Yes, the service has a voting options on the blog, blog posts and the blogger, but it seems to be taken more casually (there is an option to say that it is “not for me” – no big deal) . You have an option to make new connections, submit blog posts and claim a blog. It also allows you to comment right there on a blog post. I’m not sure why it is called a directory because there is no blog categorization options. but there are a search and tag cloud options to find blogs. . Pijoo crawls looking for the latest blog post (what about ping service?), track recent visitors and support RSS feeds (Posts section). You can have up to 2 blogs for free but there is an option to upgrade to a sponsor account with unlimited blogs and other benefits for one-off $30 payment. There are more features and capabilities that this service provides like becoming a fan, telling others what blogs are you reading and different ways for seeing blogs, posts and bloggers.

I can’t say what is the size of the community but it seems like a friendly crowd. I also don’t know in what phase the site development is (alpha, beta) but I don’t think that it matters to the founders – it is open for public. It works and it fulfil its promise. Bloggers can makes connection over there!

What else to expect from a bloggers social networks?

  • Collaboration:  I will be really happy to exchange posts. I.e. be a guest blogger and allow someone else to be one on my blog. Maybe a guest blog wanted bulletin board.
  • Comment rating: I sometime see comments to blog post that are better than the original post. I wish I could rate them and make them visible to others.

What do you like to see in a bloggers social networks?

I just left a message to Kali asking for the origin of the name Pijoo. Stay tune (or guess it using the comment section).

Bottom line Pijoo is a fun place to socialize your blog and content. It is easy to use and has no performance issues. I will be happy to see you there.

How to read a blog?

August 8, 2008 3 comments

It sounds trivial, I know. Yet, I “see” people’s behavior on my blog that seems as if there is enough justification for this post. If you want to understand about blog’ elements I found this useful post Understanding and Reading a Blog (for Newcomers). I, want to focus on the sequence and not the blog parts and layout.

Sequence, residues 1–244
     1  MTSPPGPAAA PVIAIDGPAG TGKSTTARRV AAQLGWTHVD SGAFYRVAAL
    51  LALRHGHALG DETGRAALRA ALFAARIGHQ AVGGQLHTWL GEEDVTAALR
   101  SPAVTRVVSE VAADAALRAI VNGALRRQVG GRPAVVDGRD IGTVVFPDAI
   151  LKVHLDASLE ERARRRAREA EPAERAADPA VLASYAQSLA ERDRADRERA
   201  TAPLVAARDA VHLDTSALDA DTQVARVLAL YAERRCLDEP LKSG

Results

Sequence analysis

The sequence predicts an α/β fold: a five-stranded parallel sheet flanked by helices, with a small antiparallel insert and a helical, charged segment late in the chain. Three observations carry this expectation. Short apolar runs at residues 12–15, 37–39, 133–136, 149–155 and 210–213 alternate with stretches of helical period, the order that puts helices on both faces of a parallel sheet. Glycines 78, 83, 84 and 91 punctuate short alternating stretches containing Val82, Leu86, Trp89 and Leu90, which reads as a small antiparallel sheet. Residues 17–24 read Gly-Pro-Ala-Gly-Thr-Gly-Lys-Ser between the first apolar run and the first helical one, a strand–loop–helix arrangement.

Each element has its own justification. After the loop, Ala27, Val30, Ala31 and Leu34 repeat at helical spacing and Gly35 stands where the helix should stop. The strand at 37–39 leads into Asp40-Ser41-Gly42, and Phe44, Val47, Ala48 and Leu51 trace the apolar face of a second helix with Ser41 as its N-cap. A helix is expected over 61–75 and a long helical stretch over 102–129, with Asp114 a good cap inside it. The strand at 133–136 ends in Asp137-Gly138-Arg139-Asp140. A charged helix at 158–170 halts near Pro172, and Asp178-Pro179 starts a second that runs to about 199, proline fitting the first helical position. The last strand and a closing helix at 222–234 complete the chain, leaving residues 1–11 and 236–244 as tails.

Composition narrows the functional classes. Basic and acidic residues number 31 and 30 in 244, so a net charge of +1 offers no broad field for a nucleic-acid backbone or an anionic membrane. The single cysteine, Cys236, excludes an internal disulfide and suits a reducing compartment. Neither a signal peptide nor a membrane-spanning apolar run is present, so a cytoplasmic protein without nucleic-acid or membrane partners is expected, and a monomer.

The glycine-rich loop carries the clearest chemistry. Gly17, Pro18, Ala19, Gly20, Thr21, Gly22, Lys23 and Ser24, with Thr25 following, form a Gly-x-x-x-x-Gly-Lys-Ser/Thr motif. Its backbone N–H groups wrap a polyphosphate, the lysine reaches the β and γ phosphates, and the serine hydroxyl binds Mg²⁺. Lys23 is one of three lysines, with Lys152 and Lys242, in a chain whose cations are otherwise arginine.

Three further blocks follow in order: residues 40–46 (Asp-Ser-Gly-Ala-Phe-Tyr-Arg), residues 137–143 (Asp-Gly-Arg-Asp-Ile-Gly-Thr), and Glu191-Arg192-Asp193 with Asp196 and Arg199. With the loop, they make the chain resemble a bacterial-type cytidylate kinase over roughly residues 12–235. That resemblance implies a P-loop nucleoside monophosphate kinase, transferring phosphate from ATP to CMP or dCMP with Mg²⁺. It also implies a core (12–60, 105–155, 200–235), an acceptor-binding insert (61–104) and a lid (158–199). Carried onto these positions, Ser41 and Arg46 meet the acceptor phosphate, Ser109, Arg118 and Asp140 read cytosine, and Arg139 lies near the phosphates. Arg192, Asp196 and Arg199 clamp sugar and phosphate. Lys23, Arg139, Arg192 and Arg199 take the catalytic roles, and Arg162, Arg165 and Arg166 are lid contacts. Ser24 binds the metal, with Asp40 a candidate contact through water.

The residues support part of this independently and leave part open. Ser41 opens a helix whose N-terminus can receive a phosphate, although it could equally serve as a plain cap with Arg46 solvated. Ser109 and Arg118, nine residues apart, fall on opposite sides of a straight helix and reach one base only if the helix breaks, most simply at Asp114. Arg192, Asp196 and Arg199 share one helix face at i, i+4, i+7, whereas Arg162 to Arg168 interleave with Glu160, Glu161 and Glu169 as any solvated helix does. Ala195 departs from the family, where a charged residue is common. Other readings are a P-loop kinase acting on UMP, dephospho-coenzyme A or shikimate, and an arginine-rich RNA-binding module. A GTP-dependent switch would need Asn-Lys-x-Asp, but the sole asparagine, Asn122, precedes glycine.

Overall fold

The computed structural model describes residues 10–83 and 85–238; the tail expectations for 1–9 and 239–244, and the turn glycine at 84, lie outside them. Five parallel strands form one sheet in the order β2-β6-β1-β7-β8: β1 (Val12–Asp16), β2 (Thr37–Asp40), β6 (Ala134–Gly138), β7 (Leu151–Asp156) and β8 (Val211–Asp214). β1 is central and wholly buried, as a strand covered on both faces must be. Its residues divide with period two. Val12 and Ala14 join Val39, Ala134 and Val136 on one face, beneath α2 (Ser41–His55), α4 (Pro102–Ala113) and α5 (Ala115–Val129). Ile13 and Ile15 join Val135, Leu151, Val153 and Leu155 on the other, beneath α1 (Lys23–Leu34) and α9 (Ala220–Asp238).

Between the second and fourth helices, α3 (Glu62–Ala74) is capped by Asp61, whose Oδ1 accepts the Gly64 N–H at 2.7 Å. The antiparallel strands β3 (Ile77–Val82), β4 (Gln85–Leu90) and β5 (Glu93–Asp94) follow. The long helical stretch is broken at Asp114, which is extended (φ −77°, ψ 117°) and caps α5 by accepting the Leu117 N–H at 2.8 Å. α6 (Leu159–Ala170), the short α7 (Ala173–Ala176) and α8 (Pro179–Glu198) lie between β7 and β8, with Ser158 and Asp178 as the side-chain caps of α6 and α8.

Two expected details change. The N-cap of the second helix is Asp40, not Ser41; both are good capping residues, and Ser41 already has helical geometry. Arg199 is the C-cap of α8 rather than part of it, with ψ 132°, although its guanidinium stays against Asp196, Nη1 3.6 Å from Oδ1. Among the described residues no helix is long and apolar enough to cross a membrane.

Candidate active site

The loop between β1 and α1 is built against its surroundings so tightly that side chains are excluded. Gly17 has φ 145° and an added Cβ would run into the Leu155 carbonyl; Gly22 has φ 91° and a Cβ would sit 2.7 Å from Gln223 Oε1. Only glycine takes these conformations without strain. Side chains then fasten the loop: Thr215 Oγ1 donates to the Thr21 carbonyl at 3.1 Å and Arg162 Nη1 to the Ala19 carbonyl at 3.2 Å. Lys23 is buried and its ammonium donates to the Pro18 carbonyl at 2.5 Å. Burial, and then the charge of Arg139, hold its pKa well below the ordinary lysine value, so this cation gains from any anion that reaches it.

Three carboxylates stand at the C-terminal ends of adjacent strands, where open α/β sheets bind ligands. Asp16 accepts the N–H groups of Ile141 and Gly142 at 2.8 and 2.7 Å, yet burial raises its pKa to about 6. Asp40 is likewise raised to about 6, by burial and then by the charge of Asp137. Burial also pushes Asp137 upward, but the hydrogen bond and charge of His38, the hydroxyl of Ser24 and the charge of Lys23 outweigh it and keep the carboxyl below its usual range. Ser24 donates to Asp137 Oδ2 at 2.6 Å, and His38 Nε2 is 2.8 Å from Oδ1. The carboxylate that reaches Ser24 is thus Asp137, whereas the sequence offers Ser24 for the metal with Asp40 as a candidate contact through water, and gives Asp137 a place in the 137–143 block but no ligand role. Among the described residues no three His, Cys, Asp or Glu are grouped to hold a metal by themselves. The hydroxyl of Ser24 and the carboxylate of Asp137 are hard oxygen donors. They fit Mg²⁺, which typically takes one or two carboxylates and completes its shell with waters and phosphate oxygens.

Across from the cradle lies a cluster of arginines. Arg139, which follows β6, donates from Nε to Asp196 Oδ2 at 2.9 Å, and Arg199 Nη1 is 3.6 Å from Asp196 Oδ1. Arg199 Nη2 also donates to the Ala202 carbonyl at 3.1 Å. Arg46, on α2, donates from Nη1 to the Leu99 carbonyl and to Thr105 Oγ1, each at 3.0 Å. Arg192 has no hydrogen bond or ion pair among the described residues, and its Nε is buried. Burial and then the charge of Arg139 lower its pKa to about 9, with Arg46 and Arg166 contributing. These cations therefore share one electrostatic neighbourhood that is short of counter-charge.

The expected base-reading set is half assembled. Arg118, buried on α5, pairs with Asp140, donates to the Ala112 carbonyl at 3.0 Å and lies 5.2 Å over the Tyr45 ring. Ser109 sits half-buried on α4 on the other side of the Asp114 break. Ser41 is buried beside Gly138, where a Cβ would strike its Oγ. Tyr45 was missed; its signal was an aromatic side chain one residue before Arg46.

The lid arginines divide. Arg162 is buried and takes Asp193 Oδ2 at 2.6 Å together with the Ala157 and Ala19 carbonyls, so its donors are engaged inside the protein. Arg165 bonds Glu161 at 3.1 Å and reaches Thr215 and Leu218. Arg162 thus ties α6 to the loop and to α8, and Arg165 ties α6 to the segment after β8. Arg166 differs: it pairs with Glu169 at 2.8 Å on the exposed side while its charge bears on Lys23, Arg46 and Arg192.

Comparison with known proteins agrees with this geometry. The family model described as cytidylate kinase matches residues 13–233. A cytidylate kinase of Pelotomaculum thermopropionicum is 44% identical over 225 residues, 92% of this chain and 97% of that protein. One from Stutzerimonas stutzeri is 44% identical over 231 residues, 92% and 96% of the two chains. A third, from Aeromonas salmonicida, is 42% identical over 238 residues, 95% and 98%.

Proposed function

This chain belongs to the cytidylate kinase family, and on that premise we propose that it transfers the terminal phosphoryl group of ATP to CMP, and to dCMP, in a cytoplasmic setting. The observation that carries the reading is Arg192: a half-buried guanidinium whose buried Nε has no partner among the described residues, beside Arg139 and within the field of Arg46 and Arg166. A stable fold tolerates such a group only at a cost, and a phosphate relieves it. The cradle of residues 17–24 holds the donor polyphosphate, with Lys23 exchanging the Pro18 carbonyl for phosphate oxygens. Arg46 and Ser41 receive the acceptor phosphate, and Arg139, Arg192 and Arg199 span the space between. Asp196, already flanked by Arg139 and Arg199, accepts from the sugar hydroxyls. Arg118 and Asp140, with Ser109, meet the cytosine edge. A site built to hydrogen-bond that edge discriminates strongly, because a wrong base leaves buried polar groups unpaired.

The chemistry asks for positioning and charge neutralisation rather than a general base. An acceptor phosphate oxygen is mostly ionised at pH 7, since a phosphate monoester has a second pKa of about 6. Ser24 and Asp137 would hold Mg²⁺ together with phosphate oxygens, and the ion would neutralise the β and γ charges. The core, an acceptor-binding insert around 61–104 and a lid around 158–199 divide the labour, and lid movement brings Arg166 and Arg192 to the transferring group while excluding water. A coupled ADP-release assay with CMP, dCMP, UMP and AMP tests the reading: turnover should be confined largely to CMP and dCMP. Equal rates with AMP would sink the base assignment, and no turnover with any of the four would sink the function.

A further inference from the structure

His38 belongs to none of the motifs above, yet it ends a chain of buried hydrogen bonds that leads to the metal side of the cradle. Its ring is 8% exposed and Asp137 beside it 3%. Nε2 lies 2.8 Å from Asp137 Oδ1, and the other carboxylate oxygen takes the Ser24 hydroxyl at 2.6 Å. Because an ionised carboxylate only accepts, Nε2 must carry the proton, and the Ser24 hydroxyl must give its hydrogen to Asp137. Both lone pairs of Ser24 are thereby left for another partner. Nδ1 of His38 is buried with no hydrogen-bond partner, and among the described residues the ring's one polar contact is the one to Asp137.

There are multiple ways to land on a blog post, one is following a link from another blog or comment left by the blogger, another way is checking a link from SERP(Search Engine Results Page).  From what that I see, the people that land on my blog using search engine tends to see less of my blog. I don’t know if this is because my blog is that bad,  they did not find what they were looking for, lack of time or because they do not know the difference between blog and web site.  Because people that arrives at my blog from links spread across the web, by me or others, tends to check more blog posts on my blog, I think that there is some true to the later reason. This is encouraging and kind of supporting my assumption that many people don’t understand the blog concept and how to make the best of the blog reading experience.

So how to read a blog?

The most important thing to understand about blogs is that it is not just this current post that you landed on. If you are here to visit, there are few more things that you should consider checking before you leave.

  • Click on the title or the Home tab – this will lead you to the Blog home page where the rest of the posts are.
  • Then if you are not in a rush, check few more blog posts – scroll down. Maybe the one you initially landed on is not the best one.
  • Check the Recent Post, and Top Post lists, mostly located on the sidebar – these will show you  what is fresh and what others liked.
  • Check the Recent Comment section – see who’s on it – read some comments. You can also follow the links by clicking on the commenter name.
  • You can also explore the Blogroll– the selected links out of the blog – this is the blogger’s Favorites.